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Pay attention to your people

Focus on your workforce in bad times. You’ll be better prepared for better times ahead

Author: Pierre Laporte and Kathy Parker

Regardless of sector or industry, today’s workforce has taken a beating: mass layoffs, hiring freezes, renegotiated union agreements, reduced pension fund financing, cuts in wages, bonus plans and benefits. You get the picture. Taken individually, any of these developments can have a serious impact on employees. Taken together, they can be devastating.

What does this mean for companies looking to restructure and rebound as the global economy begins to stabilize? For starters, this is one of the most significant human resource (HR) challenges we’ve seen in some time. Younger workers haven’t experienced a recession before and are unfamiliar with large-scale workforce reductions and other drastic measures. The potential for lost jobs creates distractions for employees, affecting productivity and service quality. Cost-reduction initiatives also take their toll on organizations and employees, creating further uncertainty. And when employees leave en masse, they take a tremendous amount of institutional knowledge with them.

These are all risky developments for companies that are starting to implement new growth strategies in the aftermath of the economic downturn. How can organizations boost morale and harness their workforce to get their recovery strategy off the ground? Drawing on the lessons of previous periods of economic recovery, here are four critical steps to getting your workforce back on track.

1. Rightsize with the right goals
In the face of imminent financial disaster, most organizations don’t think about the recovery. But your company’s ability to rebound hinges on the same fundamentals that make you successful in good times: quality products and services supported by a high level of customer service. Instead of pursuing widespread layoffs, approach your staffing needs as an exercise in rightsizing. How lean can you get without compromising service and quality? Once you determine how far you need to cut, make the necessary adjustments quickly to minimize disruption.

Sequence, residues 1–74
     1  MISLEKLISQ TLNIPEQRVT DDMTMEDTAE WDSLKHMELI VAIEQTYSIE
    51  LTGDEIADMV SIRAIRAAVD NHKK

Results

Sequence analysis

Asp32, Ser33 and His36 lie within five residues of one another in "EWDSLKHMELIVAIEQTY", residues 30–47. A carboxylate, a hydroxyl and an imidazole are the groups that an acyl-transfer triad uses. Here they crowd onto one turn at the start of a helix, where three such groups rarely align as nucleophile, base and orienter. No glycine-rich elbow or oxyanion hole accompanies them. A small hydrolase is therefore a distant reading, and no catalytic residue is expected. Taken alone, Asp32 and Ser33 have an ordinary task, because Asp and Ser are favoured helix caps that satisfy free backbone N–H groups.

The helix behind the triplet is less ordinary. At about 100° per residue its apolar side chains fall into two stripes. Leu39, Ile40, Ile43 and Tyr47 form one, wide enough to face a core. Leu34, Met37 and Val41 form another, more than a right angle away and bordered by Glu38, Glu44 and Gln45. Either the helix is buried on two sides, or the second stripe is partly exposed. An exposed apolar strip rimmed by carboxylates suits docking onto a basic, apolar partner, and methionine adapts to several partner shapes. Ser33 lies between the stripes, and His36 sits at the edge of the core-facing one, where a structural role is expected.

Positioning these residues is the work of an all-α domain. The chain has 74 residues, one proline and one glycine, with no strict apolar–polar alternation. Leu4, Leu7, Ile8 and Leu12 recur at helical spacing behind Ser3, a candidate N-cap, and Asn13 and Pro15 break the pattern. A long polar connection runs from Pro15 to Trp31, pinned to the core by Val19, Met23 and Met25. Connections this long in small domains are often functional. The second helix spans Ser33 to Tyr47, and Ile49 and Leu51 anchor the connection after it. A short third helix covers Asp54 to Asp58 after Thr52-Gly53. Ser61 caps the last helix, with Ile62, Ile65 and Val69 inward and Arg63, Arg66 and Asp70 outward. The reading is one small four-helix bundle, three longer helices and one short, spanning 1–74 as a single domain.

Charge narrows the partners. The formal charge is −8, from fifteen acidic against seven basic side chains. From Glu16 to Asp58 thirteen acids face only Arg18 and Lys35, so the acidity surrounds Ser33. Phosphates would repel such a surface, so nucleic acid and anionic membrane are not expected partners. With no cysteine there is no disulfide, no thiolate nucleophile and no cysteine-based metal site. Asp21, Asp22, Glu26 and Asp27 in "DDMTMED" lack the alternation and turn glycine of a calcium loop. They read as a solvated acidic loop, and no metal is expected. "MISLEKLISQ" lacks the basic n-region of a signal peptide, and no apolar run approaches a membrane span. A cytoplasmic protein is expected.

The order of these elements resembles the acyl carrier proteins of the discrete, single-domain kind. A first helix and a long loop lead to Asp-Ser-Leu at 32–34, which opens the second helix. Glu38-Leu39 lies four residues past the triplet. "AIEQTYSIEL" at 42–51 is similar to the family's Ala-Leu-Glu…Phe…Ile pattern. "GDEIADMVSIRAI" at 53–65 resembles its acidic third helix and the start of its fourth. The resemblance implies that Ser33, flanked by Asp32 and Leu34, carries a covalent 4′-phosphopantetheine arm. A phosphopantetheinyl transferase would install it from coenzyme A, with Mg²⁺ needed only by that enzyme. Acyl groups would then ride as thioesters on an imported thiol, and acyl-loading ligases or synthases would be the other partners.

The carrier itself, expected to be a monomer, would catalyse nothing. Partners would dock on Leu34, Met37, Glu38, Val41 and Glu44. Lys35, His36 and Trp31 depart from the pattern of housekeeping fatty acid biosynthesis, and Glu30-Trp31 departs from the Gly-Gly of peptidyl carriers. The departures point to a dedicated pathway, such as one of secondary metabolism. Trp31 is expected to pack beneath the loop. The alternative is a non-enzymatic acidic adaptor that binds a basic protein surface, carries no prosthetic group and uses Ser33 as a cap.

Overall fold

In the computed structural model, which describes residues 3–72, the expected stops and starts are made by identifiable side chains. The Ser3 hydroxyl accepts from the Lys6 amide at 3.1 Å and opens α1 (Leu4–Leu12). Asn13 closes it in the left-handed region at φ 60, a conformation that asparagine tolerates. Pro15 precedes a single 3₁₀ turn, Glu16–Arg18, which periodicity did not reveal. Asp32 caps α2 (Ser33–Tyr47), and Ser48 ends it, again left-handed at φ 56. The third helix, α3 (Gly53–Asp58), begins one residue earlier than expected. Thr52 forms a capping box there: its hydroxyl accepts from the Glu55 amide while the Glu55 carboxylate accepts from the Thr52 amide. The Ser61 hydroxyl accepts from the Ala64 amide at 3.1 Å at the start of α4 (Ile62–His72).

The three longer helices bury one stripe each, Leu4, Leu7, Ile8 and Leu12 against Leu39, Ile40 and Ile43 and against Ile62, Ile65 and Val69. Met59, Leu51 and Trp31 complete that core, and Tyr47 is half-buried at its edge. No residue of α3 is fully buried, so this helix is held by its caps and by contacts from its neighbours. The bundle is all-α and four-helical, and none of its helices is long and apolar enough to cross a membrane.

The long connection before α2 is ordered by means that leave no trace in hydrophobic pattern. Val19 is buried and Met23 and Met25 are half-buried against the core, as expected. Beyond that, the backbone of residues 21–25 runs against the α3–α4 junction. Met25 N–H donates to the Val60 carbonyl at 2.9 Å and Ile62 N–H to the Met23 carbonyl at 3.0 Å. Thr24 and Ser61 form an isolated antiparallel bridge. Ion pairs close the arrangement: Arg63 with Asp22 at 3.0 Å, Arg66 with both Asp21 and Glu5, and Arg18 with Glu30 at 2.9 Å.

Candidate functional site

2. Protect the best talent
In turbulent times, some of your employees are likely to seek greener pastures, while others may be eliminated through rightsizing. That makes it even more important to identify your best employees early on and take steps to secure their commitment to your organization. If your company is one of the fortunate few that is financially strong, this may be an opportune time to attract top talent that was previously unavailable.

3. Build trust through greater transparency
The aftershocks of the downturn have shaken the loyalty of employees everywhere. One of the best ways to regain their trust is by fostering a more open and flexible culture. If you must downsize, do it as fairly and transparently as possible. People will remember how you handled difficult decisions, and it will put you in a better position to scale up during recovery mode. Conversely, if you cut costs or downsize without adequate communication, you’ll have a tough time attracting new talent when you need it. How can you maintain transparency and openness? Provide a complete picture of your company’s financial status and future investment plans. Be clear about how the company will help employees when restructuring occurs. These are simple ways to help everyone understand how financial decisions, even the tough ones, can benefit the company as a whole.

4. Put workforce planning to work
It may seem a long ways off, but sooner or later talent shortages will re-emerge as one of your most pressing issues. And the companies that come out on top will be those that embrace workforce planning as a core management practice. Apply workforce planning practices to your own organization: identify critical workforce segments, analyze available sources of talent and adopt strategies to mitigate future labour gaps. You should have a range of options for growing your workforce to meet future needs quickly, ranging from conservative to aggressive. These are just a few of the benefits workforce planning can bring to the table.

As you begin to roll out these and other workforce strategies, remember that it isn’t only about survival. Economic uncertainty, and the ensuing recovery, present a rare opportunity for you to implement HR best practices that can improve your competitive advantage. And that’s a smart move — no matter what the economic environment looks like.